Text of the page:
Chapter 6.5, Page 1 of 4

The Paradox Basin is an elliptical-shaped structural depression located within the Colorado Plateau physiographic province in southwestern Colorado and southeastern Utah. In Colorado, the basin is bounded on the north by the Uncompahgre uplift, on the east by the San Juan Mountains, on the south by the San Juan Basin, and by the Utah-Colorado state line on the west (Figure 6.5-1). The basin covers approximately 14,000 square miles of which, 40 percent or, 5,600 square miles are located in Colorado.

Figure 6.5-1 Location and extent of the Paradox Basin showing the distribution of permitted water wells. (Click image to zoom .6MB)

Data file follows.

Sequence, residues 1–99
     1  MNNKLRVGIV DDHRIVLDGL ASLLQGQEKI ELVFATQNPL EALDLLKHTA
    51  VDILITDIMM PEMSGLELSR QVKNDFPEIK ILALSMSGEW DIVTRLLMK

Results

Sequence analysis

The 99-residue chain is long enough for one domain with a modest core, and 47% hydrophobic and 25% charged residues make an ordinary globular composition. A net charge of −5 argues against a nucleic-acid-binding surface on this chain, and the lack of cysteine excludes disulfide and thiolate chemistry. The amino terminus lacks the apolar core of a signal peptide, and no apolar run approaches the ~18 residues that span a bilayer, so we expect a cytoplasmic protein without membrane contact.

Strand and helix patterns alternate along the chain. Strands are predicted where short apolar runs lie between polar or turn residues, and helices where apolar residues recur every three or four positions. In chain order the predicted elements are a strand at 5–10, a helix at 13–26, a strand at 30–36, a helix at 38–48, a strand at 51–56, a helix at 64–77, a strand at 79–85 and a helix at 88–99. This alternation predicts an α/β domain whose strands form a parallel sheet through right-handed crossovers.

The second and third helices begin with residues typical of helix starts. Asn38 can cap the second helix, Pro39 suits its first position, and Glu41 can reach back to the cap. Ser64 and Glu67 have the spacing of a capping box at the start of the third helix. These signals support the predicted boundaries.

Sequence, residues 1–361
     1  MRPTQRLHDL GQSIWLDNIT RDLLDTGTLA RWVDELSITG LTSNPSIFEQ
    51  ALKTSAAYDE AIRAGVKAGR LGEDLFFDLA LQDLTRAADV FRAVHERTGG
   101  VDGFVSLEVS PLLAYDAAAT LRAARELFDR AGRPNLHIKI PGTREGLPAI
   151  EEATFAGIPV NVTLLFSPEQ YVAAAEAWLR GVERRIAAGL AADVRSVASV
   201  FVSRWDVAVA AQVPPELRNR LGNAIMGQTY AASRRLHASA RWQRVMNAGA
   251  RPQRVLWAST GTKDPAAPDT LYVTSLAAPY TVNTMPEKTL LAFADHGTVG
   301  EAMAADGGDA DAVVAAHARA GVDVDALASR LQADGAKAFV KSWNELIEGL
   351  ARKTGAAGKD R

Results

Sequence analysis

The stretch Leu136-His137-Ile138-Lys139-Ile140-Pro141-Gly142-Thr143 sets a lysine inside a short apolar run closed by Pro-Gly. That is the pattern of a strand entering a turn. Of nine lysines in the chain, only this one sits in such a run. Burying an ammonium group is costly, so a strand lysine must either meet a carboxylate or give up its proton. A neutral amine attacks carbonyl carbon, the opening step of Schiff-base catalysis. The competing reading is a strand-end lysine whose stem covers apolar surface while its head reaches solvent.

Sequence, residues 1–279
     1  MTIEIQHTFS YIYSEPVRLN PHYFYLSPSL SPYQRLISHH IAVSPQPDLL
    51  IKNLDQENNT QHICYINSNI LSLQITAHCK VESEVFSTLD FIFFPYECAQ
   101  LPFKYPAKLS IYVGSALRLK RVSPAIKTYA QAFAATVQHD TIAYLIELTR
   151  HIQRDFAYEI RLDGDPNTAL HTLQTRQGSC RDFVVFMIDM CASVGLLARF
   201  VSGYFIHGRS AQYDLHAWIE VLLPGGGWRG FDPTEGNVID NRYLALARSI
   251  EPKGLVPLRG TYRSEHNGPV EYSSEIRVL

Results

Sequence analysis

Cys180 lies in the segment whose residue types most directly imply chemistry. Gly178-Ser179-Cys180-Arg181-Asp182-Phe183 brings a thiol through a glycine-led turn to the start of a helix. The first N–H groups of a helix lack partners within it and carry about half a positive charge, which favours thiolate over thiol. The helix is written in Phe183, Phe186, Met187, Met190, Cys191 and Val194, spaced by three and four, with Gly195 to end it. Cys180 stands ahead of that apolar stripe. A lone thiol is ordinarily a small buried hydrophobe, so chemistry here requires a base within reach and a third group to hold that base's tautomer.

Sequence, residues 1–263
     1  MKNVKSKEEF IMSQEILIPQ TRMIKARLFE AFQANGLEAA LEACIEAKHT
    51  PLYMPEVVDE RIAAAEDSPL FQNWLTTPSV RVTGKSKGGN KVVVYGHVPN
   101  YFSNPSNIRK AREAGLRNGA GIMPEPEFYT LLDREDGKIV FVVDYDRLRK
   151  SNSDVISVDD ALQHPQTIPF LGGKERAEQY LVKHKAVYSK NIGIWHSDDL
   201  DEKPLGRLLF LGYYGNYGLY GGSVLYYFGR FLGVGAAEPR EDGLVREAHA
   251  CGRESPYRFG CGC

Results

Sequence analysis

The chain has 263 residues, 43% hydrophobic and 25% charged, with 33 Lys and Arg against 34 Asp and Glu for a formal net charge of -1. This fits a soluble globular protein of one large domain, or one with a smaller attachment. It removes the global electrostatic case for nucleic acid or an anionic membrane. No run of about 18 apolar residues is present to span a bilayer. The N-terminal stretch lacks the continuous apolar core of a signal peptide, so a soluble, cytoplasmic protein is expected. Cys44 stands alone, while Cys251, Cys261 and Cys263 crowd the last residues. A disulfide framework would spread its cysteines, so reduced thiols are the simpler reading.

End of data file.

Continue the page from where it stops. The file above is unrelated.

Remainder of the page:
The terrain is mostly composed of high plateaus with deeply incised canyons and dry arroyos. The San Miguel and Dolores Rivers, which are part of the Colorado River system, form the main surface-water drainage system in the Colorado portion of the Paradox Basin. Administratively, the basin lies in both Water Divisions 7 and 4.

In Colorado, the Paradox Basin is primarily located in Dolores, San Miguel, and western Montrose counties. Few people live in the Paradox Basin, with the 2000 Census recording only 1,844 people in Dolores County and 6,594 in San Miguel County. Agriculture has historically been an important industry in this region. According to the Colorado Division of Water Resource’s (DWR) well permit database, less than 2,000 bedrock wells are located in the basin, with most clustered around the population centers and river courses (Figure 6.5-1).

Chapter 6.5, Page 1 of 4